The following guest blog by Helena Herklots, Chief Executive of Carers UK, has been written to complement our new collection of essays, ‘Alone in the Crowd: Loneliness and diversity’.

There are 6.5 million people in the UK caring unpaid for an older or disabled family member or friend, and the numbers are increasing. The 2011 Census showed that there are nearly 1.3 million carers over the age of 65, a 35% increase since the Census in 2001, representing the fastest growing group of carers. The gender balance is also closer than you might suppose, as 42% of carers are men.

All of us, at some point in our lives, will either be carers, or need the help of carers. So if caring or being cared for is a near universal experience, how is it that being a carer can be so isolating and lonely? This is the experience of many carers I’ve spoken to in my work at Carers UK and is a theme in the body of research around caring.

The loneliness carers experience is caused by a range of circumstances, many of which are imposed on them. You may be so busy that you have no time or energy left to see friends and other family, or they may drift away as your life becomes so different from theirs. You may find the emotional demands of caring for a loved one and focussing on their well-being means that you neglect your own.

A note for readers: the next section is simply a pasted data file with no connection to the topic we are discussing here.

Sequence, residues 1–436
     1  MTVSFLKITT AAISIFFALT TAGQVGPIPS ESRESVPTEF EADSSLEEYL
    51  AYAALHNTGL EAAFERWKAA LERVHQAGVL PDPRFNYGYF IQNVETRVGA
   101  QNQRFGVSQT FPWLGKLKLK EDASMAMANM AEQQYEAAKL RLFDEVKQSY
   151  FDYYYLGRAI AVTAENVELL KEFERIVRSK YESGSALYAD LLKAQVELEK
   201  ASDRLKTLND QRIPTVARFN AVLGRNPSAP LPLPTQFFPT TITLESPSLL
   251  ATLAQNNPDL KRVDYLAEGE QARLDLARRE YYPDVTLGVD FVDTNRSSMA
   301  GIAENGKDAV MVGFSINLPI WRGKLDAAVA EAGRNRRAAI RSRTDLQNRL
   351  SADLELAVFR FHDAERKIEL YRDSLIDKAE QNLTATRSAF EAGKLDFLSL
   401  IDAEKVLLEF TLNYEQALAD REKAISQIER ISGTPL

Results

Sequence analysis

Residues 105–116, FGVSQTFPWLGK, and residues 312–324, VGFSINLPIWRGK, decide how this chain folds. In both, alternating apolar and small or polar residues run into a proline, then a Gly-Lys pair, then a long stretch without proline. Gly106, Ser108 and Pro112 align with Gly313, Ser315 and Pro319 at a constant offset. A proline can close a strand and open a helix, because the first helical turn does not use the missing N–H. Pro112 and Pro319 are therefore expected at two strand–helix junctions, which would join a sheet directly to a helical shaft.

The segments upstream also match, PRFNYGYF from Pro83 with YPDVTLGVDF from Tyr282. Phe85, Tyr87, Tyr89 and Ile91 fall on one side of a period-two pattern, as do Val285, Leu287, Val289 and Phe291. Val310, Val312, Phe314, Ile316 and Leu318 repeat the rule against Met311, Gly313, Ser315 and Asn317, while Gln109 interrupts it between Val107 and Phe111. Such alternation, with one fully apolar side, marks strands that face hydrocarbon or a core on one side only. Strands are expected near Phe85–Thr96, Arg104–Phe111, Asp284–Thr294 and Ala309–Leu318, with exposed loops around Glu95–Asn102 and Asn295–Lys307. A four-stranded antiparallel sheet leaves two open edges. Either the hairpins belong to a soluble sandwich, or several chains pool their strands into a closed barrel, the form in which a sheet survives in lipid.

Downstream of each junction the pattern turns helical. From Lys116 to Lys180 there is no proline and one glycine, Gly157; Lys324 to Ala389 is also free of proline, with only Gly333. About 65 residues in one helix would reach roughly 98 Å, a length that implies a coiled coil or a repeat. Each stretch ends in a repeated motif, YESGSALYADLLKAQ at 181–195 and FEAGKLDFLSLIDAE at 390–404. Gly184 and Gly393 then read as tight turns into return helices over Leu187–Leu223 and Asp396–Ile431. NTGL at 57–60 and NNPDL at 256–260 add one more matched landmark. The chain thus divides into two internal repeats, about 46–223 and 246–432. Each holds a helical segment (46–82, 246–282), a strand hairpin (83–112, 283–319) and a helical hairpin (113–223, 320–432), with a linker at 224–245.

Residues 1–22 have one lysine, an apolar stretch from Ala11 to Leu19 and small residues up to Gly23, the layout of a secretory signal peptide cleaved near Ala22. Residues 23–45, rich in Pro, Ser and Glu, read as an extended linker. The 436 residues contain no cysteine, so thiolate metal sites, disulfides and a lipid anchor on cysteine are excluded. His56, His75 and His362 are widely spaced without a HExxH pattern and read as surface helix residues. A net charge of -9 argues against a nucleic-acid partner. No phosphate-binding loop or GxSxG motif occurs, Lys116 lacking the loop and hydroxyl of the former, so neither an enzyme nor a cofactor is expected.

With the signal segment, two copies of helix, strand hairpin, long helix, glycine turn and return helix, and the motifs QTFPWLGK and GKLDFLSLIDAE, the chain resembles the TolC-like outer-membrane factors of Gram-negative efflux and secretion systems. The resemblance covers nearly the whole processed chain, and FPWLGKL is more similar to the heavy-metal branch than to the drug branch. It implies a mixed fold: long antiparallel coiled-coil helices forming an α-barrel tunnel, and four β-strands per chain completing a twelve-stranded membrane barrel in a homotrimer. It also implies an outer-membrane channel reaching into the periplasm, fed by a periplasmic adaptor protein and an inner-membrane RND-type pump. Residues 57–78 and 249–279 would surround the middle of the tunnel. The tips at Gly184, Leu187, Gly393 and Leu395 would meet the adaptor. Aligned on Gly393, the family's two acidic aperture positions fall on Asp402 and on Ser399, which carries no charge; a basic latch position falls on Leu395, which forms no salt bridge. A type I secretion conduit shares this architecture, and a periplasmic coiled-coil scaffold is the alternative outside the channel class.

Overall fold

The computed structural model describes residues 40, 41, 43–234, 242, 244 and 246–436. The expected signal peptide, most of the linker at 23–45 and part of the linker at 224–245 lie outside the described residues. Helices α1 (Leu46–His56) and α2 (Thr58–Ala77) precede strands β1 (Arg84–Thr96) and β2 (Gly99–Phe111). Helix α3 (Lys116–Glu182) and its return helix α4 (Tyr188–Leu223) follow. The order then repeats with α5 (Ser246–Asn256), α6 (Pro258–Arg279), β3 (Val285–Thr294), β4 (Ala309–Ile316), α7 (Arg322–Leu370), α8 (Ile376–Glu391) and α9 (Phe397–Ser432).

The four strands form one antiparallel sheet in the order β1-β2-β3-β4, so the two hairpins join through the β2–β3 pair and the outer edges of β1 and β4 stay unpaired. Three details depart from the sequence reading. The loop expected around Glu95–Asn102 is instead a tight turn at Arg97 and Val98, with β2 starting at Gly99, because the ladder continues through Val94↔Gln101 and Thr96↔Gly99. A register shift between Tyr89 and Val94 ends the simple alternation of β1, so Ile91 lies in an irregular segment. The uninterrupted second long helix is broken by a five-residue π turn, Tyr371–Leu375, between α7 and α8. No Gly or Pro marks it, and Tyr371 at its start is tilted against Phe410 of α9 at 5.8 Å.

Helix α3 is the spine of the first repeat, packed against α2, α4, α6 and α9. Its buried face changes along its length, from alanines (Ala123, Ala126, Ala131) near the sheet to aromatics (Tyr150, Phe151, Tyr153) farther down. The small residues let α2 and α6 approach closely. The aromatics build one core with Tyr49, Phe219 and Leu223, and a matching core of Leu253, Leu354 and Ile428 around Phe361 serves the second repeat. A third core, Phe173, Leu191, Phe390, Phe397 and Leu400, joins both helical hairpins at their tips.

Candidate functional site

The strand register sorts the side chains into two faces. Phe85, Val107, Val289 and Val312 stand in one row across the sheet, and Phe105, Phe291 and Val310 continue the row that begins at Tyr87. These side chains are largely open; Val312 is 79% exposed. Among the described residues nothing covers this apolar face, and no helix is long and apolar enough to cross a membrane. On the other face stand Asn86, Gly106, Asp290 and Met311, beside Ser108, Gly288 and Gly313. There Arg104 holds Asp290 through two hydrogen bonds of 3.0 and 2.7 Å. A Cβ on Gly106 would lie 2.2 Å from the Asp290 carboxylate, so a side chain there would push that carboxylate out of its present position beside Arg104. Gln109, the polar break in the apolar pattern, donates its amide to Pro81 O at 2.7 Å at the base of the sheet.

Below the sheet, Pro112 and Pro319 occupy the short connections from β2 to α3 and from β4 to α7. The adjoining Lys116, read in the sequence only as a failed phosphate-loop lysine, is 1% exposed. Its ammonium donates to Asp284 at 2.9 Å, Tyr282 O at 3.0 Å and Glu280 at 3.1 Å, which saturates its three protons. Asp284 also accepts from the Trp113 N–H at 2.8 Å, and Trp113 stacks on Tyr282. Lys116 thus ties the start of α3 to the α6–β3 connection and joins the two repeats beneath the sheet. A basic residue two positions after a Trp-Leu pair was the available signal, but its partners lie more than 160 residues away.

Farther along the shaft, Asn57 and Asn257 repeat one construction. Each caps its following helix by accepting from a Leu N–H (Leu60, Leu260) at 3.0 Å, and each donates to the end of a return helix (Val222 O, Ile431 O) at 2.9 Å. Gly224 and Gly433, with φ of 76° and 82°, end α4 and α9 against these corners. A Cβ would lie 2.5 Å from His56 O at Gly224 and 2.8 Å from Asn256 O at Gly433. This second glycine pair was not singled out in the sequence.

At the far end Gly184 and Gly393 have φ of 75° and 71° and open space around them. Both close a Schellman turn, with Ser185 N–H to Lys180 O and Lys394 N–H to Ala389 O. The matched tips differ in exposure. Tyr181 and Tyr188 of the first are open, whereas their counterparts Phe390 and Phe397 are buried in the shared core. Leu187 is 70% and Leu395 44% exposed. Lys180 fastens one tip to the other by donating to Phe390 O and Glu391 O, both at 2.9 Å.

In our 2013 State of Caring survey 92% said that their mental health has been affected by caring. Research carried out for Carers Week 2013 showed that six out of 10 carers had found it difficult to maintain friendships; 42% had had a breakdown in a relationship with a family member, and 71% of carers were not prepared for the change in relationship with the person they cared for.

What can be done?  We need nothing less than a societal shift in recognition and understanding of caring. Although caring is a normal part of life, it is not seen as a shared experience. Contrast it with parenthood, where there is a societal understanding of a shared experience and an ease of talking about it with friends, at work, with family. We need to find ways to ‘normalise’ caring, so that it is acknowledged as the universal experience it is, and so that carers too are recognised, valued and supported.

How we care for each other is one of the biggest challenges we face as a society, and one of the most important things any of us do in our lives. We shouldn’t have to do it alone.

If you would like to read the full essay by Helena Herklots, or any of the other essays in our ‘Alone in the crowd: loneliness and diversity’ collection please follow this link.